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"We Repeat, You Decide"

Reported by Judy - July 29, 2004 -

Jon Scott of Fox News Live spent a good bit of this morning (July 29) trying to knock down John Edwards' amazing speech last night. Not once, not twice, but three times, Scott questioned Republicans about the speech. That's three times in only fifteen minutes. And two of the interviews were extremely repetitive.

Scott began the triple header (9:02 a.m.) by replaying former New York Mayor Rudy Giuliani's earlier appearance on Fox and Friends (8:15 a.m. EDT), when he disputed Edwards' characterization of the United States as "two Americas" divided between rich and poor. "I grew up in one America," insisted Giuliani. "That's an old Democratic idea," dating back to Mario Cuomo in 1984, he said. [Fox and Friends also had a powder puff interview with Joe Lieberman, D-Connecticut, but didn't have him rebut Giuliani (8:23 a.m. EDT)].

After some blather on the missing Utah woman, Scott went to Sen. John Cornyn, R-Texas. Unlike Giuliani, who was on alone, Cornyn appeared alongside Democratic Senator Frank Lauterberg of New Jersey. Cornyn commented (9:05 a.m. EDT) that he has "difficulty with his concept of two Americas." Scott then asked Lautenberg a question dealing with job creation, rather than asking him to respond to Cornyn's claim. To his credit, Lauterberg answered Scott's diversionary question and then rebutted Cornyn.

Scott paused for a deep breath, and then questioned (9:13 a.m. EDT) Rich Galen, GOP strategist, and Elaine Kamarck, a former adviser to Al Gore. Refreshingly, Galen skipped the "no two Americas" talking point and just went into attack mode. Kerry only picked Edwards, Galen said "because he can energize the crowd. ... The truth has nothing to do with swaying a jury. [And] the truth has nothing to do with his (Edwards') speech." He also interrupted Kamarck when she said that conventions lay out themes for the general election. Galen muttered, "From Al Sharpton?"

In what way was this unfair and unbalanced? On an elementary level, it's unbalanced because Scott had three Republicans and two Democrats on his show. On another level, however, the time period was unfair because of the way it used repetition to help Republicans drive home their point about "no two Americas." That sort of repetition is what parents use in teaching their pre-schooler how to count. It's not mature political discourse.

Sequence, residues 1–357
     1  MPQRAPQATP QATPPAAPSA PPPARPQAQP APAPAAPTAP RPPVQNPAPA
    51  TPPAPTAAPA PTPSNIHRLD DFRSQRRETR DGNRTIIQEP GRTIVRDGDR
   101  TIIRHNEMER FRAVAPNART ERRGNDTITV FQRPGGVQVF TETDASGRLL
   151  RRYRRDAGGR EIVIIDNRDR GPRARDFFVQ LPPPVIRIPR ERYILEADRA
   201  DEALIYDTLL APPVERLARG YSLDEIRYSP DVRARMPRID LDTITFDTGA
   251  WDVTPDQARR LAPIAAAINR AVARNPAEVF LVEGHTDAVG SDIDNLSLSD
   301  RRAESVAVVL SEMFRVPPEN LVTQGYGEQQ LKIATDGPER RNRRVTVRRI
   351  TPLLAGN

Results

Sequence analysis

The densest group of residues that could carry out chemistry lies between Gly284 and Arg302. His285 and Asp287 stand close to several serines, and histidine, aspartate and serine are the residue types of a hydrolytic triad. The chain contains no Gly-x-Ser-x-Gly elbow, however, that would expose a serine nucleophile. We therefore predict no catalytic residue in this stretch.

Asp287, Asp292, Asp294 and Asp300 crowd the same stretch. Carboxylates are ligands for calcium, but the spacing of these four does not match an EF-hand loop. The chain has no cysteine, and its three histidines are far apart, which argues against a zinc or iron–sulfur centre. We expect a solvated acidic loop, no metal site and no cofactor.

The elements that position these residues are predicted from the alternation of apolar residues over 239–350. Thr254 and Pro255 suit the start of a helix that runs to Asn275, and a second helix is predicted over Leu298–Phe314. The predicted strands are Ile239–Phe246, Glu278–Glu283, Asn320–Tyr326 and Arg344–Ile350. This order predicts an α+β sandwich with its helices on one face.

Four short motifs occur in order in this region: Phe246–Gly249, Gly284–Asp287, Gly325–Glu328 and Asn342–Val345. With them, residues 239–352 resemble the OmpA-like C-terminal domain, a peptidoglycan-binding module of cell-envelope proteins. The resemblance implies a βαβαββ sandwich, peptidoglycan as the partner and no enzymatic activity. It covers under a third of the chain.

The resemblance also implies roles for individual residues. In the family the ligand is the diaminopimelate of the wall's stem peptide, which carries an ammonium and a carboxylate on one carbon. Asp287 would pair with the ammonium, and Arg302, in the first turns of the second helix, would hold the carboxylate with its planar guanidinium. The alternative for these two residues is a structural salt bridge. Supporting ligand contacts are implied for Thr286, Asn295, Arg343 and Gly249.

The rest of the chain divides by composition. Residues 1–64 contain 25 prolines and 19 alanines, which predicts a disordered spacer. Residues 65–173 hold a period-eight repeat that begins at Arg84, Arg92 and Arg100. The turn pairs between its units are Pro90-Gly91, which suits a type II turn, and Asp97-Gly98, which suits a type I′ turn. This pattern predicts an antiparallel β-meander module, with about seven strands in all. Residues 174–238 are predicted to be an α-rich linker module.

As a journalist, Scott did not have to sit and listen to a repeat of the "no two Americas" from Cornyn. He could have pointed out that Giuliani just made that point twice in the last hour and gone on to ask Cornyn about something else instead. Scott didn't. Is Scott that weak of an interviewer?

The interviews also were unfair and unbalanced because they presented differing interpretations side-by-side with no attempt to challenge the veracity of either one or give the viewer any information on which to make up his or her mind. Scott could have asked Giuliani for information on disparities in income, property values, school achievement, and so on in New York to back up his claim of no two Americas. He didn't. Or Scott could have asked Lauterberg to respond to the same issue, even asking him to back up his position with some figures. He didn't do that, either. Instead, Scott tried to change the subject and leave the no two Americas theme echoing in the audience's ears. That's how Fox is able to provide a partisan advantage to Republicans while seeming to be fair and balanced in questioning a Democrat and a Republican.

Call it ineptitude, laziness, or partisanship, but Fox let Republicans hammer home a theme without any supporting documentation. Fox should change its slogan from "We report, you decide," to "We repeat, you decide."